By Elita Chikwati
Police Commissioner-General Augustine Chihuri yesterday said some of his officers mounting roadblocks are corrupt and a number has been dismissed from the force, but blamed motorists for offering bribes instead of paying fines.
He said it was a misconception that the police kept money properly raised from roadblocks, which they deposit into a bank account administered by the Reserve Bank of Zimbabwe.
Of late, there has been concern among Zimbabweans at the high number of roadblocks, both in cities and highways, raising suspicion that police were out to fleece motorists.
But Comm-Gen Chihuri told legislators from the Parliamentary Portfolio Committees on Peace and Security, and Home Affairs and Security Services on a familiarisation tour of several police projects in Harare that police did not set targets for fine collections at roadblocks.
An image of a police notice instructing officers at an unnamed station that the daily collection target had been increased from $4 000 to $4 400 has gone viral on social media, raising the ire of motorists and commuters who said the police were not Zimra.
“I cannot deny that some traffic officers are corrupt and it takes two to tango,” said Comm-Gen Chihuri.
“In most cases, the drivers are the ones who offer bribes. We have introduced swipe machines, but still some motorists refuse to swipe and prefer paying bribes.
“We have dismissed some officers for engaging in corruption and there are no sacred cows. Anyone caught will be dismissed from the service.”
Comm-Gen Chihuri said the police were faced with inadequate funding.
“We also collect funds through the Judicial Service Commission and we are supposed to get 10 percent of it, but we have not received any money,” he said.
“When we want to buy something, we go to tender. The money is audited by police, Home Affairs and the Auditor General. There is no way the money can be stolen.”
Comm-Gen Chihuri said the money collected at roadblocks was insignificant, as compared to the money collected through the minerals and border control unit.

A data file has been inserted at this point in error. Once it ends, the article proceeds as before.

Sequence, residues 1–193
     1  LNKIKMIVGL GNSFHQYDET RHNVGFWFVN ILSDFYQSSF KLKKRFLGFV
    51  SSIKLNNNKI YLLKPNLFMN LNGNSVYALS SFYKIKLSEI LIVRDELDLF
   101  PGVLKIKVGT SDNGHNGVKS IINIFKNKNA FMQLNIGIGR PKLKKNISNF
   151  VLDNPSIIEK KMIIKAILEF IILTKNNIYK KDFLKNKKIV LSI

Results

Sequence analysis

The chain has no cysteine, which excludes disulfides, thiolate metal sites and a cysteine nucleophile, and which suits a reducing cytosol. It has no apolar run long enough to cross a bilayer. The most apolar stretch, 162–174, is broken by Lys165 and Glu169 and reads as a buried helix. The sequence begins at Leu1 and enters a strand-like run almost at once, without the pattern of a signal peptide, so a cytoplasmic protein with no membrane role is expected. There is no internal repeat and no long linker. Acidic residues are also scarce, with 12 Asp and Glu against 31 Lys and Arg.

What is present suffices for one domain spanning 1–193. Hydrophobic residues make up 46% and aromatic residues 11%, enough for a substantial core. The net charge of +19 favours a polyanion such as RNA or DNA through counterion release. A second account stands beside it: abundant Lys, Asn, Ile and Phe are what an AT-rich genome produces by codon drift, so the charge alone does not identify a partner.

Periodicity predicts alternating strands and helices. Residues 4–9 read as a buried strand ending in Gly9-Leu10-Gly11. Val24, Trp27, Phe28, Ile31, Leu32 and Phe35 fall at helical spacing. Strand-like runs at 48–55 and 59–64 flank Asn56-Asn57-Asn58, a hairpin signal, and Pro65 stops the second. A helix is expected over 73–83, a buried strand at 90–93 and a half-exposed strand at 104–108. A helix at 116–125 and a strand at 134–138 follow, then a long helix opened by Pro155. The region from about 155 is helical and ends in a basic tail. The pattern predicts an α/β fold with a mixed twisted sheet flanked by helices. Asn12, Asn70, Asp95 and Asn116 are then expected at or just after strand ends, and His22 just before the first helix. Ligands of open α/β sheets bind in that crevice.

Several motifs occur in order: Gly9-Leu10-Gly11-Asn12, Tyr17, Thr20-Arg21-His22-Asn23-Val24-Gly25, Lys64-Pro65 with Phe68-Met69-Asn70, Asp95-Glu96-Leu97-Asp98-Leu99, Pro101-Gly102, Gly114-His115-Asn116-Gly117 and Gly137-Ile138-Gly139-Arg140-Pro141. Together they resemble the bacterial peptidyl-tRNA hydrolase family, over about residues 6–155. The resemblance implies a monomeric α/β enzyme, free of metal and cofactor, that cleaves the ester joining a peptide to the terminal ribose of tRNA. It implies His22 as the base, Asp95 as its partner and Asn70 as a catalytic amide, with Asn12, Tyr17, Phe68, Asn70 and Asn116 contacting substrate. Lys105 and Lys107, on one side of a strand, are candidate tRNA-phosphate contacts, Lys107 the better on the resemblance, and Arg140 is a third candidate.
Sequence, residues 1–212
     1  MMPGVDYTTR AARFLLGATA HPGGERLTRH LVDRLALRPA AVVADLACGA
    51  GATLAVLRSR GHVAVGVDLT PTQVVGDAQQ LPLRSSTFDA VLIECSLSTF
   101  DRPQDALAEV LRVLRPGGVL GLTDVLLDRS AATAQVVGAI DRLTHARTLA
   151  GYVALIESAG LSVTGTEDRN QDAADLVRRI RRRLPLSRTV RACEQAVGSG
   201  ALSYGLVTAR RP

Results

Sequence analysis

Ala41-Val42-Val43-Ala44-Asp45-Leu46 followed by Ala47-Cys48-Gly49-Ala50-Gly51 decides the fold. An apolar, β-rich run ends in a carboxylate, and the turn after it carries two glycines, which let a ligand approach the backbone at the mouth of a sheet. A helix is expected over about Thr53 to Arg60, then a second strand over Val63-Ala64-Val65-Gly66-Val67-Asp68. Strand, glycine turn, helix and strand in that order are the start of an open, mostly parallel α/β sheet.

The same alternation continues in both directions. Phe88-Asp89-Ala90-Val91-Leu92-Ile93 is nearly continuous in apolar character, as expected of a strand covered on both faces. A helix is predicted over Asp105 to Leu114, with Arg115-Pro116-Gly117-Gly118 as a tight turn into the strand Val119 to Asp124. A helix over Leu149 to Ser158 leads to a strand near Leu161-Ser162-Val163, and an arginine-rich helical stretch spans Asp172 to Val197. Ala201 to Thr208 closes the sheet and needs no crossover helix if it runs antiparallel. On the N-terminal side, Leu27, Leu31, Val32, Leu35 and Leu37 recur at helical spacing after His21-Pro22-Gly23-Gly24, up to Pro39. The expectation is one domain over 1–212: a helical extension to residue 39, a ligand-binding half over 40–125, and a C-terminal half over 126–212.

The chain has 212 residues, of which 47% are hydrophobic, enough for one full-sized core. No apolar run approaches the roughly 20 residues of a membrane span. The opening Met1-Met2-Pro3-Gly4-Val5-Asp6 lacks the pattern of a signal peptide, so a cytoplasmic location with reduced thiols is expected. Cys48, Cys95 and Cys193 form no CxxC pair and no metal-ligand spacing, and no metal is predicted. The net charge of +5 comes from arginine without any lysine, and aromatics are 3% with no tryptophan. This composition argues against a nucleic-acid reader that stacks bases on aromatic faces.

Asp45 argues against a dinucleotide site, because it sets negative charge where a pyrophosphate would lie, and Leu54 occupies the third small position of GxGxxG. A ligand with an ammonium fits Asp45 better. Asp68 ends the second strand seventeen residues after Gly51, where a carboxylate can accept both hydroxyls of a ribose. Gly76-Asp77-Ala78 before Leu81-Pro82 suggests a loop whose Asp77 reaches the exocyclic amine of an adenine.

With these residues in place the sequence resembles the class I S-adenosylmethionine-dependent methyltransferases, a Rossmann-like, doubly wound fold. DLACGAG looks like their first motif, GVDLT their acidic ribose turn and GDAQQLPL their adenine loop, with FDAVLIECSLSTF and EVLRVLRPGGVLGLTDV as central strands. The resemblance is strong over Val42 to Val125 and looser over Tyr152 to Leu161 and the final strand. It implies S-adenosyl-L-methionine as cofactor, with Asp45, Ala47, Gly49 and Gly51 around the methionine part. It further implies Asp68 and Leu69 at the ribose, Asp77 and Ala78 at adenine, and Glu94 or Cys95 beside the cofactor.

Due to lack of funding, Comm-Gen Chihuri said, the force was failing to complete important projects, with some recruits failing to get their salaries for the last six months.
He said he hoped that talks with the Public Service Commission and the Ministry of Finance will result in the recuits being paid their salaries soon “Police requires a lot of money,” he said.
“ZRP got less than $3 million from the fiscus and how can we be expected to work on $3 million? Policing requires a lot of money.
“We are running short of the required uniforms. The police force should have five different uniforms for different occasions, but due to lack of funding we use only one type of uniform for all occasions.”
Comm-Gen Chihuri blamed the illegal sanctions imposed on Zimbabwe by Western countries for some of the woes faced by the force.
“Sanctions are real and playing havoc no matter what other versions people have come up with,” he said.
“The economic hardships are a result of the sanctions.
“The condition of service is not so good. Police officers do not have accommodation and have mobility challenges. In 1995, we had 7 000 vehicles, but now we have remained with 2 000 vehicles.”
Parliamentarians expressed concern over the unavailability of adequate funding and the state of the unfinished projects which they said had the potential to cut costs and raise revenue for the force. In an interview after the tour, Home Affairs and Security Services Committee chairman Cde Oliver Mandipaka (Zanu-PF) said the force had very promising projects which could save Government huge sums of money.
The projects could also generate income if only there was funding to complete them.
“We are concerned with the time taken to complete the projects,” he said.
“We are challenging the Ministry of Finance and Economic Development to release allocated funds to complete the projects as they are in the interest of the police, Government and the economy.”
Among the incomplete projects are the Criminal Investigations Department headquarters in Harare whose construction started in 1999 and the Public Protection Unit residential flats which have been stalled since construction started five years.
Legislators also visited the Police General Headquarters, the Automated Finger prints identification system unit at Chikurubi and the force’s clothing factories. The Herald